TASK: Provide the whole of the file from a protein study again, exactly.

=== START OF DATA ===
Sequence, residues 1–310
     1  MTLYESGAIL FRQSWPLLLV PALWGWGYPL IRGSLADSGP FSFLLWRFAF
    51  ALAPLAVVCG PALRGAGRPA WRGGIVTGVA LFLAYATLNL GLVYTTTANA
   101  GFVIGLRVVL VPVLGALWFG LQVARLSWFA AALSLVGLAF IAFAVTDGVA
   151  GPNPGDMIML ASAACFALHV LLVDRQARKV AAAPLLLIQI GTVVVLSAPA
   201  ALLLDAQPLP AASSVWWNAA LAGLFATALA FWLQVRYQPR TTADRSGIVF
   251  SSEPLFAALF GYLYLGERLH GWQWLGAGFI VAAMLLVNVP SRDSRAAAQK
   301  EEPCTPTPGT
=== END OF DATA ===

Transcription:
Sequence, residues 1–310
     1  MTLYESGAIL FRQSWPLLLV PALWGWGYPL IRGSLADSGP FSFLLWRFAF
    51  ALAPLAVVCG PALRGAGRPA WRGGIVTGVA LFLAYATLNL GLVYTTTANA
   101  GFVIGLRVVL VPVLGALWFG LQVARLSWFA AALSLVGLAF IAFAVTDGVA
   151  GPNPGDMIML ASAACFALHV LLVDRQARKV AAAPLLLIQI GTVVVLSAPA
   201  ALLLDAQPLP AASSVWWNAA LAGLFATALA FWLQVRYQPR TTADRSGIVF
   251  SSEPLFAALF GYLYLGERLH GWQWLGAGFI VAAMLLVNVP SRDSRAAAQK
   301  EEPCTPTPGT